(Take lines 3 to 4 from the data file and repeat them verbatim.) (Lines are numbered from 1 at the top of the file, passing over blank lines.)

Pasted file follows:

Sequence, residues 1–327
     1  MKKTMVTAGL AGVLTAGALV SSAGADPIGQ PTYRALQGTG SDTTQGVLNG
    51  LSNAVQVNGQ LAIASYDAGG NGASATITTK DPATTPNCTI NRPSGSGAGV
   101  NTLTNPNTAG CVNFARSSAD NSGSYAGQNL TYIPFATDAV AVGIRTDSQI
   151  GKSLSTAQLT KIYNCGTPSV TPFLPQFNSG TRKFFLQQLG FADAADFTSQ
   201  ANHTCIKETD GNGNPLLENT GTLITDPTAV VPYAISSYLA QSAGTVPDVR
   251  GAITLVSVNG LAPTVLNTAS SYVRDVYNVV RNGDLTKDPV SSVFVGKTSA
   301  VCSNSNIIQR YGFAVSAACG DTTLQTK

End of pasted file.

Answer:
    51  LSNAVQVNGQ LAIASYDAGG NGASATITTK DPATTPNCTI NRPSGSGAGV
   101  NTLTNPNTAG CVNFARSSAD NSGSYAGQNL TYIPFATDAV AVGIRTDSQI